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ConstructionSkills’ NCW events get a make-over with industry themes

To ensure National Construction Week (NCW) stays fresh, relevant and educational, ConstructionSkills’ events this year have been structured around five core industry challenges – sustainability, specialists, diversity, skills and enterprise – with some exciting results. Castles, period properties, sports stadiums and art galleries are just a few of the more unusual venues being used to host events during the week which runs from 6-13 October.

Paul Sykes, Recruitment Manager at ConstructionSkills explains: “Our work over the last year on the construction sector skills agreement has given us the opportunity to get to the heart of the challenges facing the industry. As NCW is now in its ninth year, we thought this would be an opportune time to give added focus to our events, to ensure that they reflect the variety of the modern day construction industry to both students and teachers.”

Paul Sykes continues: “It is great to see how the different teams across the country have tackled these themes. The resulting events provide a great opportunity to energise and enthuse the next generation of construction workers at all levels – the people who will design and build the future.”

Some examples of the events planned under each of the five themes are given below. More details are available on and in the full press release:


The ‘Planning Challenge’ event at Swaffham Ecotech Centre will see teams of students tackling the debate over where to build new housing, through a planning consultation exercise. Each team will represent a competing interested party, including first-time-buyer, conservation activist and property developer.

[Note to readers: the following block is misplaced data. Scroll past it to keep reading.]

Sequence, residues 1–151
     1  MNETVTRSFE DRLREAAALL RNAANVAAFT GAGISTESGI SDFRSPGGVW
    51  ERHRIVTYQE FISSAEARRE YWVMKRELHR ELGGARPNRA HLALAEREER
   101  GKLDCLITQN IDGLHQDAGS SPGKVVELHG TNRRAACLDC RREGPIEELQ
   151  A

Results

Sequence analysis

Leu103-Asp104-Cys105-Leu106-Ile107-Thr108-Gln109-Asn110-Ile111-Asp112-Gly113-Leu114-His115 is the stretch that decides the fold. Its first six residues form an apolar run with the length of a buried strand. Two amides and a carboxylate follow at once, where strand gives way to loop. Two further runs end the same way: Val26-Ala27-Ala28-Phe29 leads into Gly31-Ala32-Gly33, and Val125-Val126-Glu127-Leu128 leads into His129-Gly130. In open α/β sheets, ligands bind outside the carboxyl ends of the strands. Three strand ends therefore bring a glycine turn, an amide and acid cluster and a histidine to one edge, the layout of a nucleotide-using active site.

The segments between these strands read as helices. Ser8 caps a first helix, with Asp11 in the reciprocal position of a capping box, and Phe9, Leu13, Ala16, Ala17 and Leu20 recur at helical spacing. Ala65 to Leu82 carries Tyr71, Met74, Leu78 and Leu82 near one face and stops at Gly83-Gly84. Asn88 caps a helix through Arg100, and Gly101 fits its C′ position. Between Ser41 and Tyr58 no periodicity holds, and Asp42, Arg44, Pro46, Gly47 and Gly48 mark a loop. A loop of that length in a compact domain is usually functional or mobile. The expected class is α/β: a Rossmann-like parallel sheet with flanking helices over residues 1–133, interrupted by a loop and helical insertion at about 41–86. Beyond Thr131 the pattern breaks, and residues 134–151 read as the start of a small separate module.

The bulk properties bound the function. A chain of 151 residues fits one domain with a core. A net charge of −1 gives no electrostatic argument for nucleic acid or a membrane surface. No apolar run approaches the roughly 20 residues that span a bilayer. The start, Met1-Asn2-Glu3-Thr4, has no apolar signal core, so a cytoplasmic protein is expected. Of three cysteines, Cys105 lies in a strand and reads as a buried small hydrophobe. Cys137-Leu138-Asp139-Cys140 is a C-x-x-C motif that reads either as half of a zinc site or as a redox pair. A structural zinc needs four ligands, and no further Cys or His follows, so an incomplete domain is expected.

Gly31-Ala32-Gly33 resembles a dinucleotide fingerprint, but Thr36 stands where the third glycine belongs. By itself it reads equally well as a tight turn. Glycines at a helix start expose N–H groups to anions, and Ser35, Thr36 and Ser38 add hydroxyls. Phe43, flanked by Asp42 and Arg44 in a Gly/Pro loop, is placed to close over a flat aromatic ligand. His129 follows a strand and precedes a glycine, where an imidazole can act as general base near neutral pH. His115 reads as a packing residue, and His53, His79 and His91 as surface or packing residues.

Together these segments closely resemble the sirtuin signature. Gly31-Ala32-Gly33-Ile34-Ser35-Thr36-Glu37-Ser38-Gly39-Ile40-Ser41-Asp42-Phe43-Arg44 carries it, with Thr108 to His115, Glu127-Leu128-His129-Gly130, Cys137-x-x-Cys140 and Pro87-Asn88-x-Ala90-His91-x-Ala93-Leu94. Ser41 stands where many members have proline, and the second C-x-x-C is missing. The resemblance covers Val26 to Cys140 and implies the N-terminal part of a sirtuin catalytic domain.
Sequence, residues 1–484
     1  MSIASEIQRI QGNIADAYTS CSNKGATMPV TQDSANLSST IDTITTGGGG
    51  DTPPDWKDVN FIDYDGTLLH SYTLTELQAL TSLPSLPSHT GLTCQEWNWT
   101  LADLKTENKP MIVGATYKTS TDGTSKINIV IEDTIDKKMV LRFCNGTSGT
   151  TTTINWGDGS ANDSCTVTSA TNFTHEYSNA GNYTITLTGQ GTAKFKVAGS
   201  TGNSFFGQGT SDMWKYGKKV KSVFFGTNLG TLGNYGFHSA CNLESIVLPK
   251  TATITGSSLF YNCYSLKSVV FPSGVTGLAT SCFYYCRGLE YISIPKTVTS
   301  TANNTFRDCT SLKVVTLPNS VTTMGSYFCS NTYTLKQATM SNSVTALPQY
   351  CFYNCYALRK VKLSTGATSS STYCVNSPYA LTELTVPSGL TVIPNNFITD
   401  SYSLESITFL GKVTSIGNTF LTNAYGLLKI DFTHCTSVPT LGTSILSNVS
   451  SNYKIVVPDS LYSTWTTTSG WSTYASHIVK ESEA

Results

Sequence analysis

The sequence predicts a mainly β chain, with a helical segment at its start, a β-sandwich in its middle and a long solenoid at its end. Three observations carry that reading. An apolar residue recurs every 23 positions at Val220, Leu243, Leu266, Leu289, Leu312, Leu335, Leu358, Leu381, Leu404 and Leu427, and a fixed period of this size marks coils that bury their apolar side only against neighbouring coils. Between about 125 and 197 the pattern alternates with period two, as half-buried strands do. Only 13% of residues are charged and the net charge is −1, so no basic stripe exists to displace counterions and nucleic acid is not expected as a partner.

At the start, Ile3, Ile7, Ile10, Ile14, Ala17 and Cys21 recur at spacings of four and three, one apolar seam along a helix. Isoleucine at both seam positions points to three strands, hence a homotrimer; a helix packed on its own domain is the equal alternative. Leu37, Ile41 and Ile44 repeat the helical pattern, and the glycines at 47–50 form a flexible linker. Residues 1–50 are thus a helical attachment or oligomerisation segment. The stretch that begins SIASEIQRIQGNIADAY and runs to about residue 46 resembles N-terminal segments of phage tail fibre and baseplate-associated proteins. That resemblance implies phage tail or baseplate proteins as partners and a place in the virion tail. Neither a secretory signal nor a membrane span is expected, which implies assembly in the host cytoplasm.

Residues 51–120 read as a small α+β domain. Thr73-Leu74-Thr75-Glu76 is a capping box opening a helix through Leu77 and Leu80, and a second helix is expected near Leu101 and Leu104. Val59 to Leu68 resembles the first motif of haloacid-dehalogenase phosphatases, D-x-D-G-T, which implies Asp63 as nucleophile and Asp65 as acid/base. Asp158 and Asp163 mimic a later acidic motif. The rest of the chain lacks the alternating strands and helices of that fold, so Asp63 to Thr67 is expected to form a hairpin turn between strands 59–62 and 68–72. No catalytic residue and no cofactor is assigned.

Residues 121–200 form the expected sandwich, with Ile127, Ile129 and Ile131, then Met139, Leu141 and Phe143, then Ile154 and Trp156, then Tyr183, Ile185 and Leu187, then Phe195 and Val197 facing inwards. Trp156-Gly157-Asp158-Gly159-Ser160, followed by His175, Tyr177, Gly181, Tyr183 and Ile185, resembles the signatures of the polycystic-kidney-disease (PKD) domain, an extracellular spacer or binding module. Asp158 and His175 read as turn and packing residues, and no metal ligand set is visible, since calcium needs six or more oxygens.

The ‘Attacking and Defending’ event at Stirling Castle will look at the evolution of construction methods from medieval times to the present day. School children will be split into two groups with the ‘defenders’ building a model castle wall and the ‘attackers’ building a catapult to breach their defences.


The “Female Friendly Industry” event in Wales will match school girls from Years 9-13, with women in the industry for a one-day work shadowing exercise, to enable students to see what really goes on day-to-day, and to show that it’s not just about jobs for the boys.


“Bridge over the Cam” will see the grounds of Cambridge University hosting an NCW event. School children will be challenged to build model bridges over the River Cam as it runs through St John’s College.


Not satisfied with tackling just one structure, a number of events are challenging students to build whole communities. The ‘Ten Hour Town Challenge’ at the National Construction College in Bircham Newton, and the ‘Model Village Design Challenge’ at Loughborough University, require teams of students to consider all elements of the built environment, with local construction professionals on hand to give advice.

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